Hold Me

Pop-ups are a hassle for customers. Holdfast is worth it.

In a perfect world, Holdfast is pretty much perfect.

Just before dusk, you arrive at a semi-industrial street, where the neighboring car dealership recently took down its barbed wire. Inside a sparsely decorated cocoon that could double as a sound stage but for the L-shaped bar and a few barrels of aging pinot, you find two eager young chefs wearing gentlemanly leather-strapped aprons. They know your name and show you to your seat. They bring an aperitif and paint the scene of their drive out to the foggy coast to grab the fresh geoduck clams you're about to eat. There are no servers or even dishwashers—two guys do it all. No need to fret the order; three well-coursed hours later, you emerge sated, smarter and perhaps with a couple of new friends.

But, of course, the world is not always so perfect. Say you bought that $95 ticket a few weeks in advance, and you're still chasing off a bug. Maybe your date isn't feeling up for a marathon meal on a Sunday night. And maybe you're allergic to shellfish. In that case, you might end up sitting alone in a dark room with a leaky nose, finishing your second drink on an empty stomach, surrounded by happy chatter and eyes made.

The inevitability of those situations has always dimmed my enthusiasm for Portland pop-ups. We're not talking about a chef from a Michelin-starred restaurant who rents out a roach coach to surprise office drones with foie gras tacos. Rather, we're talking about a chef-friendly restaurant that operates in the same cheap, no-frills space for months or years and employs a strict reservation system. It's exactly what so many chefs want and yet are afraid to ask for. But in a city with sympathetic eaters and a rah-rah food press, it's proven sustainable. And in the case of Holdfast's 228th dinner, I'm glad of that.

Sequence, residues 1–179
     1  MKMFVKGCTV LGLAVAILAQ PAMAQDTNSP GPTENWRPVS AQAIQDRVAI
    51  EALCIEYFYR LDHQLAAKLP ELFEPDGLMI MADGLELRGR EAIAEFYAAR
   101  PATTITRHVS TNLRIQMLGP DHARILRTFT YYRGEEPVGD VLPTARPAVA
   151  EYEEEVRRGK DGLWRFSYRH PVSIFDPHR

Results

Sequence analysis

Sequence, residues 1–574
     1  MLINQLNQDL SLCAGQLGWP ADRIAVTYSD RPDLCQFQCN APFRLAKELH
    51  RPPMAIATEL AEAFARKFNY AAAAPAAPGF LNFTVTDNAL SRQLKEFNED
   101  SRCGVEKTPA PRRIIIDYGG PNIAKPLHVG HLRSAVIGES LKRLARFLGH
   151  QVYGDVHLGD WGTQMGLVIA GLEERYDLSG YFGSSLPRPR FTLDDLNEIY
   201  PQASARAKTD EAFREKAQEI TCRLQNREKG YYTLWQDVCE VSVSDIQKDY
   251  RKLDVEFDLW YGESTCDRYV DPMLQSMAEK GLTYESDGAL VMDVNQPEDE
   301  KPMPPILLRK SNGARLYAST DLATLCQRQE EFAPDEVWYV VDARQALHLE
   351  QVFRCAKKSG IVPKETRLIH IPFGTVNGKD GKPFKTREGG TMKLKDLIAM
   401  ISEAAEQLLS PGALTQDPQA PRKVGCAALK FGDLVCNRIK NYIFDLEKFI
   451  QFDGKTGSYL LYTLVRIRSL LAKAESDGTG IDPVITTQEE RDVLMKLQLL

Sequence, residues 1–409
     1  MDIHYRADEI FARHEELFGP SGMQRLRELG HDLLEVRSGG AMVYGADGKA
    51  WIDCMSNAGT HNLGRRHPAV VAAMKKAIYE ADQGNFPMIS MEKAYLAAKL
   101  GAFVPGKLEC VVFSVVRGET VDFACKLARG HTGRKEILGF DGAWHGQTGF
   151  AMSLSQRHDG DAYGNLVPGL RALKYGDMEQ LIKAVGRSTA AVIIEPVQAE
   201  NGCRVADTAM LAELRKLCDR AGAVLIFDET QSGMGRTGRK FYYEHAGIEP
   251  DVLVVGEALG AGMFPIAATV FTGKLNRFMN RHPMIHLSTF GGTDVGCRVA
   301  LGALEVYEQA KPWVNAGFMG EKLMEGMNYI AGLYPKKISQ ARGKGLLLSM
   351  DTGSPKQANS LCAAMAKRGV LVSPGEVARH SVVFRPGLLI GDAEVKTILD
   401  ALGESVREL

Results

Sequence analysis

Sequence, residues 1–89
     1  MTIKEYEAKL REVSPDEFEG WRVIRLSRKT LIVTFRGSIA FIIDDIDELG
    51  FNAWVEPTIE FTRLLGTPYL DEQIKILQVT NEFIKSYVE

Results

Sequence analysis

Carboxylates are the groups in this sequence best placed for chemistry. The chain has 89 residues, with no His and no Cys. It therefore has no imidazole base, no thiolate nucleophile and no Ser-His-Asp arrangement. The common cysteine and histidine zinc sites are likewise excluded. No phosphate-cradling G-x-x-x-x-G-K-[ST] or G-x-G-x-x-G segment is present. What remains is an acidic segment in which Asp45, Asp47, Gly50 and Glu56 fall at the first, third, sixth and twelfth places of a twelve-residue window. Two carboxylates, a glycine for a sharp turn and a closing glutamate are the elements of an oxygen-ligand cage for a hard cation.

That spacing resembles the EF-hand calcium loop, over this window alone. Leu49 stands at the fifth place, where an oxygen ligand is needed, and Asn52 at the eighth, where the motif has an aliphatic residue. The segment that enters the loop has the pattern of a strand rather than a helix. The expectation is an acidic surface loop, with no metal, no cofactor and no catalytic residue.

Tartare, Miso, Turnip, Sea Vegetables

Chefs Will Preisch and Joel Stocks—the guys in the custom-made aprons—are local journeymen. They previously worked together at Bent Brick during its ill-fated fling with molecular gastronomy. When that bistro’s owner tossed the pressure-cooked hazelnuts in early 2012, Portland Monthly and The Oregonian both filed obituaries for Preisch’s career and local modernist cooking. And yet, with a minor rebrand and fresh-harvested local seafood, they’ve managed to make the same ideas “Zeitgeisty.”

The menu changes weekly, and there’s a short speech to accompany every course, but there are a few things you should look out for.

The first is the wine pairings, chosen by a different person each week—in this case a local wine distributor. It was the only thing I found lacking. The first two courses came with a 2011 Brooks Ara riesling, whose huge green-apple and grassy notes overpowered delicate fennel puree, celery and baby fennel fronds. It’s a prestige bottle—the 2006 vintage was served at a White House state dinner—but wasn’t well-matched to the food. A caramel-heavy 1999 Spanish white Rioja was too much for subtle halibut, and a 2014 J.K. Carriere white pinot noir called “Glass” was more cute than interesting with dessert.

Green Strawberry, Cucumber, Pistachio and Herbs

But every plate had at least one revelation. A salad of anchovy, peas and pea leaves got a wonderful punch-up from bits of rich, dehydrated olives. It was a perfect setup pitch for the seafood course that followed: innovative, fresh and salty.

And, my God, that halibut—so plump and delicate it ate like a marshmallow, floating like a cloud on a pretty pink rhubarb butter sauce. That prepared us for a soup with broth made from jamón ibérico bones from Ataula. And then, a beautiful beef culotte with a gobsmacking bone-marrow bread pudding atop a few pungent ramps.

Mackerel, Fennel, Green Tea, Lemon

Ramp season is fleeting, and by the time you read this they’ll probably be gone. But here’s some good news: The very best thing on the Holdfast menu was the only thing that comes back for every meal. That’s a cornbread madeleine that looks like Easter candy and gets a wonderful salty-sweet jab-uppercut from local honeycomb and a little Parmesan cheese. It’s followed by two more desserts, then candies, then excellent coffee from Heart.

If you’re anything like me, you walk out a little dazed, having been sucked into the little world that these two guys created. Once you’re inside, it is sort of perfect.

EAT: Holdfast Dining at Fausse Piste Winery, 537 SE Ash St., Suite 102. Dinner 7 pm Thursday-Sunday. Tickets at holdfastdining.com.